The Supreme Court rarely weighs in on trademark law, and infringement litigation in particular. But on Wednesday, the US Supreme Court unanimously ruled that an infringer’s willfulness is not a prerequisite in order for an aggrieved trademark owner to obtain their profits in trademark infringement litigation. The Court’s decision in Romag Fasteners, Inc. v. Fossil, Inc. clarifies a split in the Circuit Courts and is a victory for brand owners.
The decision is not likely to result in wholesale changes in trademark litigation, however. While willfulness is not a firm requirement for disgorgement of profits, the Justices said the infringer’s mental state, or mens rea, remains an important consideration for potential forfeiture of profits. Accordingly, there must be more than innocent or unknowing infringement in order to obtain this type of award. Under the Lanham Act, courts may award the infringer’s profits to the claimant in trademark infringement cases. But the standard for levying such a penalty has varied across the country. The Second, Eighth, Ninth, Tenth and DC Circuits require a finding of willfulness before considering whether a profits award is appropriate. The First Circuit requires willful infringement only in cases in which the disputing parties are not direct competitors. The Third, Fourth, Fifth, Sixth, Seventh and Eleventh Circuits generally include willfulness as but one factor to consider in their overall analysis of whether to disgorge profits.
In this case, Romag Fasteners sued Fossil, a fashion accessories manufacturer, after a business arrangement between the two companies fell apart. Romag had a contract to supply magnetic fasteners for Fossil’s handbags. However, Romag’s contract manufacturer in China allegedly used counterfeit fasteners, not authorized Romag components. Romag alleged that Fossil “did nothing to guard against the known risk of counterfeiting” in its oversight.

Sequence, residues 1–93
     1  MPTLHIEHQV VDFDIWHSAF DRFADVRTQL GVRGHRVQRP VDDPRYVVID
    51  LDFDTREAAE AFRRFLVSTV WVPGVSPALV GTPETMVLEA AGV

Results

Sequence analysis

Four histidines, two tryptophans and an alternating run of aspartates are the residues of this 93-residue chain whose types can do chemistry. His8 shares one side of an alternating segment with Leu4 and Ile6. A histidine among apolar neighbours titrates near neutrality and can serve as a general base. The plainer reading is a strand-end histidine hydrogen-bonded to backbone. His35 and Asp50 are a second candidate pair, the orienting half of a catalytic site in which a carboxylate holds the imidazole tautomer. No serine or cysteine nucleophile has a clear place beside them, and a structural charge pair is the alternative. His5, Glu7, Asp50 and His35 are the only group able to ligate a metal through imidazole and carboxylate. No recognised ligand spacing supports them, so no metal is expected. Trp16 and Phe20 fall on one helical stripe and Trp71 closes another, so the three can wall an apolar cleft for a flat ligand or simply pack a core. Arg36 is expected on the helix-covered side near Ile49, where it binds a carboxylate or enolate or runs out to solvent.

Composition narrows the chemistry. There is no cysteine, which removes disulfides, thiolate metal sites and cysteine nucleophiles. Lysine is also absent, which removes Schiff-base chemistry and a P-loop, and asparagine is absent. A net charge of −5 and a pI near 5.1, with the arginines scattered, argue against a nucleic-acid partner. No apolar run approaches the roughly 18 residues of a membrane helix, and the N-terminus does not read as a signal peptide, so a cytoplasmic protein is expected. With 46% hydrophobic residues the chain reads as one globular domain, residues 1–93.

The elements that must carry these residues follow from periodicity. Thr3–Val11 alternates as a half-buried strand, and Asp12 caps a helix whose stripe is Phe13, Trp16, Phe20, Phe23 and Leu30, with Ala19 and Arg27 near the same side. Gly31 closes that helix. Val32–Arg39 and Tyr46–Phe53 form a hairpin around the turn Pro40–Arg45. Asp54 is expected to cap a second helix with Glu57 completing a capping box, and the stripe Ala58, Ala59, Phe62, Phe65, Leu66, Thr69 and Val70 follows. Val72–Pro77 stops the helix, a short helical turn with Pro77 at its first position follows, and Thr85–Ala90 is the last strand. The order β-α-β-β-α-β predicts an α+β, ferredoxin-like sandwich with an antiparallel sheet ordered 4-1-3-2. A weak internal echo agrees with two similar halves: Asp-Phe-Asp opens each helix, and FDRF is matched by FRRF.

A US District Court for the District of Connecticut jury initially awarded Romag $6.8 million in profits, but the Court struck that award due to a lack of willfulness on Fossil’s part. The Federal Circuit concurred that willfulness was a requirement for profits to be awarded.
The Supreme Court cleared up this confusion, ruling in favor of Romag: “A plaintiff in a trademark infringement suit is not required to show that a defendant willfully infringed the plaintiff’s trademark as a precondition to a profits award. The Lanham Act provision governing remedies for trademark violations, §1117(a), makes a showing of willfulness a precondition to a profits award in a suit under §1125(c) for trademark dilution, but §1125(a) has never required such a showing.”
With the Supreme Court saying an infringer’s mental state still is a “highly important” consideration, it seems unlikely that its decision in Romag v. Fossil will lead to a vastly lower bar in a court’s analysis of when profits are sought or disgorged. District Courts that did not previously require willfulness will likely continue to operate as they had. The Districts that did require willfulness will continue to consider an infringer’s mental state, although there will no longer be the prerequisite of establishing willfulness as a threshold for awarding profits.
It also is doubtful that this decision will lead to courts will lower the bar to allow the awarding of profits in purely unintentional infringement cases. In her concurrence, Justice Sonia Sotomayor warns against such an interpretation, writing, “A district court’s award of profits for innocent or good-faith trademark infringement would not be consonant with the ‘principles of equity’ referenced in §1117(a) and reflected in the cases the majority cites.”
But for brand owners, the ruling is good news, as it gives them additional leverage to enforce trademark rights in certain circumstances.
Click here to read Womble Bond Dickinson’s original client alert on Romag v. Fossil.